React useState callback function

What is the callback function in a useState for?

Friday, October 22, 2021

lazy cat

Why do we need to pass a callback function to the useState function

TL;DR version

We can pass a callback function when calling useState to take advantage of lazy initialization.

This will resolve the source of the state only once, thus avoiding unnecessary computation during re-renders.

Longer version

When we develop real production applications, we do not always derive our state from simple primitive values. Sometimes we need to calculate them based on other values, as shown below.

12const [state1, setState1] = useState(prop1 === prop2 && prop2 !== prop3 && prop1 < prop3)const [state2, setState2] = useState(prop4 === prop5 && prop5 !== prop6 && prop4 < prop6)

You might notice the logics to get the default value are very identical so as a good programmer, we can extract the logic to a new function to avoid duplication.

1234567function reusableFunctionToGetState(first, second, third) { return first === second && second !== third && first < third} // We call the function with the appropriate arguments. const [state1, setState1] = useState(reusableFunctionToGetState(prop1, prop2, prop3));const [state2, setState2] = useState(reusableFunctionToGetState(prop4, prop5, prop6));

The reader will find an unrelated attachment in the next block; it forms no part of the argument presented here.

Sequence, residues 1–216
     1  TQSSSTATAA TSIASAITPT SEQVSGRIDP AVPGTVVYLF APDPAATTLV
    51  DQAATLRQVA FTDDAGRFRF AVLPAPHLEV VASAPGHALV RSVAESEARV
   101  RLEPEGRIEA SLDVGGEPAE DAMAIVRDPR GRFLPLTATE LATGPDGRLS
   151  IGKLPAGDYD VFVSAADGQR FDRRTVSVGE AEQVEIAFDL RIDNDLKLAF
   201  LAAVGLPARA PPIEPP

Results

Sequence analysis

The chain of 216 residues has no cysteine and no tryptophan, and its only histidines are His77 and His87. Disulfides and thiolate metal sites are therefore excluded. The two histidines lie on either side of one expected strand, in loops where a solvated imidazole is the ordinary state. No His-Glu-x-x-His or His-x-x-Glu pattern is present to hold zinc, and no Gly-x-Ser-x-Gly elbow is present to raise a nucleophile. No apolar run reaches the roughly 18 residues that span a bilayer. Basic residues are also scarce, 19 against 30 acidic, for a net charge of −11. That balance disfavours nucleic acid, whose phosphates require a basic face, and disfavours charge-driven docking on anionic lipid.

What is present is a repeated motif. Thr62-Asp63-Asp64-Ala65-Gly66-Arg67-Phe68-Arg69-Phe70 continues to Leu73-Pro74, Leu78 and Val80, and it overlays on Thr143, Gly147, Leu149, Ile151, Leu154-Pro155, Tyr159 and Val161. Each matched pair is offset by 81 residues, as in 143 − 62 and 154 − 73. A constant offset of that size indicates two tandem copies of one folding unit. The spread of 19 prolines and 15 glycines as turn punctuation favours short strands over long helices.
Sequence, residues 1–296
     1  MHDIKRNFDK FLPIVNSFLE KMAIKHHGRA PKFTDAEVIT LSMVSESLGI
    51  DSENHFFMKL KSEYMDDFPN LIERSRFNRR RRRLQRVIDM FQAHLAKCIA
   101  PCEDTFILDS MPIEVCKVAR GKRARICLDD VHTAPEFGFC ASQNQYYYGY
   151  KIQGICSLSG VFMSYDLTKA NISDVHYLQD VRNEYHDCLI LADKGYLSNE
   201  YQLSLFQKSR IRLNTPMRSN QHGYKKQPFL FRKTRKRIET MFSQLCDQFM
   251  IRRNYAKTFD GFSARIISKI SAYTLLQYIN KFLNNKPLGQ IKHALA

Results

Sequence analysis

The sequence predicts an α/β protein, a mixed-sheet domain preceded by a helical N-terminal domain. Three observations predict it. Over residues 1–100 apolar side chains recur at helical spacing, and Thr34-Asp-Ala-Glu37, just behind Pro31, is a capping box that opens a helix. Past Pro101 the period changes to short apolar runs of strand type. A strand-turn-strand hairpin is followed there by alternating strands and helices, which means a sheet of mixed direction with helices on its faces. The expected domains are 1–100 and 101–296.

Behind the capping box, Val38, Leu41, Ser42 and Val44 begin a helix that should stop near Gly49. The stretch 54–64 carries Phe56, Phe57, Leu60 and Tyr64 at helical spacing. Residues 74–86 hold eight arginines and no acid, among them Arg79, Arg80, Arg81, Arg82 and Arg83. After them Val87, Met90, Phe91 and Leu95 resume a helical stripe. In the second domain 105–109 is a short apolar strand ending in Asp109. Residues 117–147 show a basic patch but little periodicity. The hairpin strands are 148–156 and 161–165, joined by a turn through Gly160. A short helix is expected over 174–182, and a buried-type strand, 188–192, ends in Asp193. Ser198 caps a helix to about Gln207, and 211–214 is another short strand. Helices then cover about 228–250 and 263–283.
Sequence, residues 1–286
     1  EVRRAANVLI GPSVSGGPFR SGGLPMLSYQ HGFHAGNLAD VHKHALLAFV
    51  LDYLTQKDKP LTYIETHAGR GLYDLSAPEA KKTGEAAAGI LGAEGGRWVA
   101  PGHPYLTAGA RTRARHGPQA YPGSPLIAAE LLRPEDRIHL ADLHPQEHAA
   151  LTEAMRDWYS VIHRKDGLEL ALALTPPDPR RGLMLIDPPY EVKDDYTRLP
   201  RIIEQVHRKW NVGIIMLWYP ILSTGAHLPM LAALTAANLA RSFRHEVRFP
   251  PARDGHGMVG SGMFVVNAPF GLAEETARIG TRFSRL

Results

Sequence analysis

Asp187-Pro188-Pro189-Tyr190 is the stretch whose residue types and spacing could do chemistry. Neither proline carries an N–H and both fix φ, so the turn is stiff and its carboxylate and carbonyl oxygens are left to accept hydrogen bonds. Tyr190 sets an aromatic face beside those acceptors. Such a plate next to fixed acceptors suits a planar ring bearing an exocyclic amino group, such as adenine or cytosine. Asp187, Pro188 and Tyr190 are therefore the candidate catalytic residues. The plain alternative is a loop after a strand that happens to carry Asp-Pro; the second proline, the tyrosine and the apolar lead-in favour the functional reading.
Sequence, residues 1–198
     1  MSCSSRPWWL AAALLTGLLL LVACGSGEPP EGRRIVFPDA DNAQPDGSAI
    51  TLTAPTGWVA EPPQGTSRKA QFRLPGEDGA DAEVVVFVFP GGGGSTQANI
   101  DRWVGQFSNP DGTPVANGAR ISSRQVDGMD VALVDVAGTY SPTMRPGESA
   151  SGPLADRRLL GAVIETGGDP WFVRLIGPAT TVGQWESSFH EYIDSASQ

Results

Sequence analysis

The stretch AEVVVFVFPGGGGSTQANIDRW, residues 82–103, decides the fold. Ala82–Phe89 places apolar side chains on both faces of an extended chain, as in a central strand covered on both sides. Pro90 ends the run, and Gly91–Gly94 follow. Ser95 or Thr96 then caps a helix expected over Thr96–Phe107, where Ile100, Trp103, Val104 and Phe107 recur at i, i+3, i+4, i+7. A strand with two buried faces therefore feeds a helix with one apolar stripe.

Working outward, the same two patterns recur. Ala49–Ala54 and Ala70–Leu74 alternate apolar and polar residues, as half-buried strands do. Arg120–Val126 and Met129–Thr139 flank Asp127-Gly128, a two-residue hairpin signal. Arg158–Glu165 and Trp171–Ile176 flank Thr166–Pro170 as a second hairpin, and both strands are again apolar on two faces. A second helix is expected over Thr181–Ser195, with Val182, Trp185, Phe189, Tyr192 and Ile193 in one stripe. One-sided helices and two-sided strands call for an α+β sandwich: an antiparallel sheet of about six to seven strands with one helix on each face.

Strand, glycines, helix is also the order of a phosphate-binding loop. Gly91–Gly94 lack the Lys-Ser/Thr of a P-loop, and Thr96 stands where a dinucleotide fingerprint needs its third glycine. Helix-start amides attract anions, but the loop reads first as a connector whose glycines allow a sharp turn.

The problem occurs when the source of our state is computationally expensive. Every time we re-render our component, we need to re-evaluate our default state. Try to see the problem by playing with the code below.

12345678910function UseStateDemo() { const complexFunction = () => { // Something computationally expensive return 'result of a heavy task' } const [,setState] = React.useState(complexFunction()) return <button onClick={() => setState(} >Click Me</button>}
Link to Codepen

Each time we click the button, the complexFunction will always be called(verify by uncommenting console.log or alert). If that complexFunction is computationally expensive, then expect our component will render slower.

Solution: perform a lazy initialization

For a such big word like lazy initialization it actually is very simple. We simply need pass a function instead of a value as shown below.

123const [,setState] = React.useState(() => complexFunction())// ORconst [,setState] = React.useState(complexFunction)

Try to play with the code below and see the difference

1234567891011function SetStateDemo() { const complexFunction = () => { // Something computationally expensive return 'result of a heavy task' } const [,setState] = React.useState(() => complexFunction) // const [,setState] = React.useState(complexFunction) // Alternatively return <button onClick={() => setState(} >Click Me</button>}
Link to Codepen

The complexFunction will evaluate only once if we pass it as a function and not invoking it immediately, thus giving us a performance boost.

Do we need to always lazy initialize our state?

No. It's not magic that allows lazy initialization to do the above optimization. There's an overhead to it which means if we use it everywhere, it could make our component "slower" in contrast to our goal to make it faster.


Use lazy initialization when your state depends on something that is computationally heavy. Avoid unnecessary "optimization"; lazy initialization has a small overhead, so use it wisely.